When an employer requires an employee to take a job-related course is the employer required to pay wages for that day?

The Code and Regulations do not provide for pay entitlement specific to training. Such entitlement would be assessed on a case by case basis. For example, we would consider whether there was an existing agreement between the employer and employee prior to the training, whether the employee's attendance at training is required by the employer, whether the employer directly benefits from such training, etc.

If the employee is required to attend First Aid Training, or any other safety related training, the employee may want to contact Health and Safety for information concerning an employer's responsibilities under the Occupational Health and Safety Act.


Does an employer have to pay an employee who is unable to make it to work because of a storm or other weather conditions?

The Code and Regulations do not provide for paid leave for storm days or any other such day. Unless the employer has a policy to the contrary, it would be at the employer's discretion as to whether employees would be paid for the hours not worked. This includes situations where the business shuts down early because of a storm and employees are sent home.


What does the Code say about pay raises?

The Code not make any provisions for raises in pay. The only requirement regarding pay levels rests with the minimum wage. Employees must be paid at least the minimum wage, unless their type of work is specifically exempted from the minimum wage.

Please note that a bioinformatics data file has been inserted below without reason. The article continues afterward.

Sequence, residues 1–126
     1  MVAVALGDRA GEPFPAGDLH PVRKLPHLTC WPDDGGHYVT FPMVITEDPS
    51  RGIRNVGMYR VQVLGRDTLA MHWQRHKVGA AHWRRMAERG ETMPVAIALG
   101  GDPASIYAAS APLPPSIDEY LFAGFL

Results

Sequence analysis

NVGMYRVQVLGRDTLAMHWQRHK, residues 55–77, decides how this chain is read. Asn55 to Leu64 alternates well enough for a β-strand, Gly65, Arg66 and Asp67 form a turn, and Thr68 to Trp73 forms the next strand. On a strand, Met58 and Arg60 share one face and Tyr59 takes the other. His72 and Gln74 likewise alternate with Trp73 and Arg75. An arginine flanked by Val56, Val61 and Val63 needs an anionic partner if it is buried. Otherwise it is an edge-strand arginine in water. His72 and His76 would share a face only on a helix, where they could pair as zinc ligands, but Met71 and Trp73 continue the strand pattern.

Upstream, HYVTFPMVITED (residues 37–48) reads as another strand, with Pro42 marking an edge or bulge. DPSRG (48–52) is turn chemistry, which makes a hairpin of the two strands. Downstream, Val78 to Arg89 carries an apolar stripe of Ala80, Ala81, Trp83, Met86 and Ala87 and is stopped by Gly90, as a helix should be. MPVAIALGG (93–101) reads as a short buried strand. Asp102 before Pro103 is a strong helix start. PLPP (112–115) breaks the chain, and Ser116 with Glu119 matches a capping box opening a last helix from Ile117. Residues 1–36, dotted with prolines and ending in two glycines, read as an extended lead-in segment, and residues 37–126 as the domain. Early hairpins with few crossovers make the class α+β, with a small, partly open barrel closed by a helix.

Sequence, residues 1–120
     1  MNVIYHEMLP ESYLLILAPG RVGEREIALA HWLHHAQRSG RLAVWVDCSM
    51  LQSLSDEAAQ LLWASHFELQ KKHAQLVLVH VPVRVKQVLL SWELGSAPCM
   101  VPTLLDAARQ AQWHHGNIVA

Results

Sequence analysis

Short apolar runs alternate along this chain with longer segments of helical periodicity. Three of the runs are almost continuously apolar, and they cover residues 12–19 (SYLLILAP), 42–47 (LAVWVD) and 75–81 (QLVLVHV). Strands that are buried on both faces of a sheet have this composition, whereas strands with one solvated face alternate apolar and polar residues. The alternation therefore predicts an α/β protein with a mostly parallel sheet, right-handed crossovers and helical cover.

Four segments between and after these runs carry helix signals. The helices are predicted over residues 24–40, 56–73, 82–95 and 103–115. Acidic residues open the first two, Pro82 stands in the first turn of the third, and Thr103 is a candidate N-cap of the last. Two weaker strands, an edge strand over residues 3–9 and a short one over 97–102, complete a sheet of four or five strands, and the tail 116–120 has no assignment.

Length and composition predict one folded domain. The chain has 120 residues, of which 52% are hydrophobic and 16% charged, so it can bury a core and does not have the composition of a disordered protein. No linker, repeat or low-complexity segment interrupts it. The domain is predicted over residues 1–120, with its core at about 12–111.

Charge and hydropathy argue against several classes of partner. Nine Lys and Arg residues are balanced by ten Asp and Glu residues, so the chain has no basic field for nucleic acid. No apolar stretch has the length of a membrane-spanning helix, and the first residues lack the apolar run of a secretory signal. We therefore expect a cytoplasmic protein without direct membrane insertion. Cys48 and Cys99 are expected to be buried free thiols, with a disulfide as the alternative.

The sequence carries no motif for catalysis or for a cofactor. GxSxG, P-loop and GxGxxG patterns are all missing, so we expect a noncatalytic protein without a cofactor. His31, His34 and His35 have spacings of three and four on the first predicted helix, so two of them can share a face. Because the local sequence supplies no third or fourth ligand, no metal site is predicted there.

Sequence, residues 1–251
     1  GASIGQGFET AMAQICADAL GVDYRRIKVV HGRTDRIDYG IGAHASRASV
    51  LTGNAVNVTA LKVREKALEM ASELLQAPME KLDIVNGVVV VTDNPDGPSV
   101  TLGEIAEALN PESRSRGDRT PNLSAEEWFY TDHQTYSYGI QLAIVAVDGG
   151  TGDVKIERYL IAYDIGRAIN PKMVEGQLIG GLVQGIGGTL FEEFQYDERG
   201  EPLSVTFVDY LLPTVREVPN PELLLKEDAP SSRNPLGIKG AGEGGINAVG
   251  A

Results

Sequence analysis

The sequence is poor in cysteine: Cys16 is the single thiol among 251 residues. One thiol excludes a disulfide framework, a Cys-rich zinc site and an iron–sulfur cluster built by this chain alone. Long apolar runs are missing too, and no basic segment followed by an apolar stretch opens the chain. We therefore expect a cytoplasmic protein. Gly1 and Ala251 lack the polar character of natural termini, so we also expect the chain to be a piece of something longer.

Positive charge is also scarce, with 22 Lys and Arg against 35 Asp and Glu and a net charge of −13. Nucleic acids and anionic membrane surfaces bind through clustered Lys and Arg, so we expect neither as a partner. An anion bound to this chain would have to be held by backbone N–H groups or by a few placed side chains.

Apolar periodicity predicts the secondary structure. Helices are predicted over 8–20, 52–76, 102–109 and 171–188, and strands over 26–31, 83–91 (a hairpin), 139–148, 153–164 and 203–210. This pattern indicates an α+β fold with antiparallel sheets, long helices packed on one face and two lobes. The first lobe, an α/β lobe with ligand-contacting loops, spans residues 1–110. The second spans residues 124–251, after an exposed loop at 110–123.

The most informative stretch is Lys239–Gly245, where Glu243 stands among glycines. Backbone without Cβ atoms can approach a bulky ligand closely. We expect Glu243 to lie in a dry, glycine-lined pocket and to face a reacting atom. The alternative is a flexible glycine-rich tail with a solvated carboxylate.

What about retroactive pay?

The Code does not contain provisions regarding retroactive pay. If the employee's employment contract provides for retro active pay or if there is a company policy that provides for retroactive pay, the Labour Standards Division may have the authority to enforce the agreement or policy.


If an employer requires an employee to wait for work on the employer's premises, is the employer required to pay the employee for this time?

The General Minimum Wage Order states:

"All time during which an employee waits for work on the premises of their employer at the request of the employer shall be counted as time worked."

This means that employers would have to ensure their employees were paid at least minimum wage for the hours they were required to wait on the premises for work.


Can an employer withhold pay or make deductions from an employee's pay for cash shortages, damage to the employer's property or for any other such reason?

For information on lawful and unlawful deductions see Deductions from Pay.



If you have any questions, please contact Labour Standards.


See Also